Our friend Randall Park returns tonight for the season four premiere of ABC’s FRESH OFF THE BOAT. The Huffington Post’s Kimberly Yam spoke to Randall about the show’s return and other issues ranging from Asian American representation to DACA. Here are some excerpts:
Let’s dive right in ― the Season 4 premiere is upon us. Asian-Americans are anxiously awaiting it. How are you feeling about it?
At this point, we’re in our fourth season, and it just feels like ― as far as the cast and the crew ― we’re a family. The pressure isn’t there as much as it [was] in the previous seasons. We have a really strong and passionate fanbase in the community and outside of the community, and it’s just a real positive time. I can’t wait for people to see this season, because it’s just so good.
Something that resonates with me and so many Asian-Americans are the insider references we see on the show. You guys have addressed how we just don’t use the dishwashers and Asian glow. Seriously, how much Pepcid have we all taken? Is it easier for you to act in these scenes because it’s something that’s familiar? Or is it difficult because these cultural markers haven’t necessarily been written before in Hollywood?
I wouldn’t say it’s easy or hard, but it’s definitely more fulfilling for me to explore those topics. It’s mind-blowing that you get to show these experiences that I’ve known for so long and have been a part of my life for so long but haven’t been shown on TV before. Whenever we do these really Asian scenes or topics, I feel like we’re doing something a little historic. It’s really added to the joy of being on this show…
We’re seeing a lot of audiences respond to diverse programs, and there was even a study that mentioned how diverse casts are very profitable. But Hollywood isn’t necessarily delivering ― they’ve made mistakes in recent years including a few instances of whitewashing. One of your show’s executive producers, Melvin Mar, mentioned in a previous interview that he believes Hollywood is racist. Would you agree?
For sure. In my experience, meeting with executives and working with casts and crews, I’ve rarely met anyone who’s an overt racist. They’re a lot of people trying to do their jobs with good intentions, but I do feel the institution is deeply racist. When people blindly do their jobs without taking a moment to think about the way they’re doing it and the traditions behind what they’re doing, they carry out these things that perpetuate racism, ultimately.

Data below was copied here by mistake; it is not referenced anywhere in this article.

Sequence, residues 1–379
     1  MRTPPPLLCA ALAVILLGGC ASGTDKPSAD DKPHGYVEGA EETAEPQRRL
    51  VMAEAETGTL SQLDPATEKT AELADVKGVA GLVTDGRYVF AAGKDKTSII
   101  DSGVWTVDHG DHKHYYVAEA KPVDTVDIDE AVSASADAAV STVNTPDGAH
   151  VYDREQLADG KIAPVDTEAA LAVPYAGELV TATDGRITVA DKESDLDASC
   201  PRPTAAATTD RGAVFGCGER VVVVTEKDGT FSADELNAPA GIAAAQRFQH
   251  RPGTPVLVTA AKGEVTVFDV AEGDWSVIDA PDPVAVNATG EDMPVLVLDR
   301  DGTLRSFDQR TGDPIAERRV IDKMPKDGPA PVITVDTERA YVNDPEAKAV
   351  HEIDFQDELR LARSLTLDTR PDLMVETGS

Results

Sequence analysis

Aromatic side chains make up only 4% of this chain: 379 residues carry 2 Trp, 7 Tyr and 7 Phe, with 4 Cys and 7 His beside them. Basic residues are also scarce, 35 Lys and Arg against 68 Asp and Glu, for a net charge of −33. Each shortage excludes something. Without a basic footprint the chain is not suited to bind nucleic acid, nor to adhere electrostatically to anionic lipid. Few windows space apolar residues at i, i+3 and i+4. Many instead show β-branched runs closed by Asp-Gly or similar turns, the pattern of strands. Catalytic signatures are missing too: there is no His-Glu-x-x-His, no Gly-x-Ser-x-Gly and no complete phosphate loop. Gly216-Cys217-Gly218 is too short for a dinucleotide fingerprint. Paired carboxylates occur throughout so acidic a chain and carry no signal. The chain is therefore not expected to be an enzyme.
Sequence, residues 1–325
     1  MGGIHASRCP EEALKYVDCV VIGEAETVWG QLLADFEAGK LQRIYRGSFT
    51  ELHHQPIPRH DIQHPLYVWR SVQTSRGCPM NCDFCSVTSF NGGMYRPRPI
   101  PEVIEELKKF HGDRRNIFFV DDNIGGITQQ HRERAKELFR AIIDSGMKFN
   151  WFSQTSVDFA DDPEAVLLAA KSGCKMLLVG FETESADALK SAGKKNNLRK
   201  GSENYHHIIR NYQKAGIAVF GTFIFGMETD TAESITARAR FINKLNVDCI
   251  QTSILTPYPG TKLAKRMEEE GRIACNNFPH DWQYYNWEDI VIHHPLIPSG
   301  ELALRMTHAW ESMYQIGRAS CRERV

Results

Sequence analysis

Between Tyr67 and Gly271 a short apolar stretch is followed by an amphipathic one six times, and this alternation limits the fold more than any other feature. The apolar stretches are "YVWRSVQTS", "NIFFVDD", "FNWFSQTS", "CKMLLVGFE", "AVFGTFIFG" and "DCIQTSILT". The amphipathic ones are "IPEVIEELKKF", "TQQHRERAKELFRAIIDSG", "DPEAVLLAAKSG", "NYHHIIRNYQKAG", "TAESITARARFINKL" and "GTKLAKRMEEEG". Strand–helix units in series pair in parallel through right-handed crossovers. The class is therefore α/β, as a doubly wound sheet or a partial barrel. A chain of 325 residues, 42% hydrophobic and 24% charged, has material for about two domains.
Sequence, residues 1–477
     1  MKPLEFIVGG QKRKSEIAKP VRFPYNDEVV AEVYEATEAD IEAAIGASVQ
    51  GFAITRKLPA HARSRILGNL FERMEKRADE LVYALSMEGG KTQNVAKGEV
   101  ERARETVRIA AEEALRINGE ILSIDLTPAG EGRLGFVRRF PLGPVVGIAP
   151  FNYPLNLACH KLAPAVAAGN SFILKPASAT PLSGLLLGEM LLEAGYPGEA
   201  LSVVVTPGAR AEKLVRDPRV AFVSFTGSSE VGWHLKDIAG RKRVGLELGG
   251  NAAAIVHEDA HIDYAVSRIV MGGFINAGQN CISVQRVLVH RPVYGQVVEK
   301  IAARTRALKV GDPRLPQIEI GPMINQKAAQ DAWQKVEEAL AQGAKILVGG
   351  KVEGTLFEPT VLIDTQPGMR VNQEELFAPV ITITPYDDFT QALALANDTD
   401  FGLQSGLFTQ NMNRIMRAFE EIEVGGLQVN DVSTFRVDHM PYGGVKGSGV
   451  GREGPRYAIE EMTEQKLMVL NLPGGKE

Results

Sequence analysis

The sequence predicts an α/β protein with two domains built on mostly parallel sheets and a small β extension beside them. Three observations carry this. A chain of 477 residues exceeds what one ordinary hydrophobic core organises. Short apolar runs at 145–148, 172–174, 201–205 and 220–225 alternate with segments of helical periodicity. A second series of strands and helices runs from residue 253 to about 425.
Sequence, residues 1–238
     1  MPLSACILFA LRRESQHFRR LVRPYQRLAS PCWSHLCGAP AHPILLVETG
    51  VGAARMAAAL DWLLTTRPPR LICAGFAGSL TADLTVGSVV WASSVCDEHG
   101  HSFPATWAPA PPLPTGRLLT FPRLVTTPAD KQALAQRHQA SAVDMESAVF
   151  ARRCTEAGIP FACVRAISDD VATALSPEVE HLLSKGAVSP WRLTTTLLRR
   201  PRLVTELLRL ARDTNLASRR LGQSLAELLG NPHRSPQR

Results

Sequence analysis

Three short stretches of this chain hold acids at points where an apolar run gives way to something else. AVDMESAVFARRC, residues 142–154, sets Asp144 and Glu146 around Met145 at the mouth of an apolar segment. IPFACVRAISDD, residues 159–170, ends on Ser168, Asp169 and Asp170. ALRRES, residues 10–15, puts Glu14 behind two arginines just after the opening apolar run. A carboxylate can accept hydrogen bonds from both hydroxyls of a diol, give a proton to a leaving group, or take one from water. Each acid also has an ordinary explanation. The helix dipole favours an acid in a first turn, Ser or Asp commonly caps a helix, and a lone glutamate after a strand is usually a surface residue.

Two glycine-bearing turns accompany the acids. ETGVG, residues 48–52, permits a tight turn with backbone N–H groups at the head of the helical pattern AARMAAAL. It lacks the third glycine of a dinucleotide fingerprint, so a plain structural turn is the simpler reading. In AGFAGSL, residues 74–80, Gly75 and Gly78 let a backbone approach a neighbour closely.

A lot of these producers who end up whitewashing these roles ― I don’t think a lot of them are these evil villains, knowing what they’re doing when they’re doing it. I think they’re trying to cast a movie the best way they think possible, but the best way to them is often to hire the white actor, and they don’t realize [the issue] until its called out to them. The good news is, we’re calling it out more and more and they’re listening more and more…
In the current political climate, there are a lot of events that affect Asian-Americans. Trump rescinding DACA is just one of many. The show has touched on the topic of immigration in the past with Jessica and her citizenship. Has tackling these subjects been difficult to do on a family program? Can we expect more of these addressed in the future?
The night we shot [Jessica’s] swearing-in scene, the emotional climax of the episode, was the night of the election. The entire family was there, Jessica was being sworn in and we were so emotional and proud and happy. And in between shots, we were watching this election unfold and it was the most surreal experience to realize that Trump was winning and to go back and shoot the scene. I think our show will continue to tackle those subjects. I wouldn’t say we’re speaking directly to the administration, but, in our ABC family sitcom way, we are going to be exploring topics that, in my opinion, are definitely progressive and counter a lot of the things the administration is doing.
To read the full interview, go to HuffPost: ‘Fresh Off The Boat’ Star Randall Park Expected More Lead Roles For Asian-Americans By Now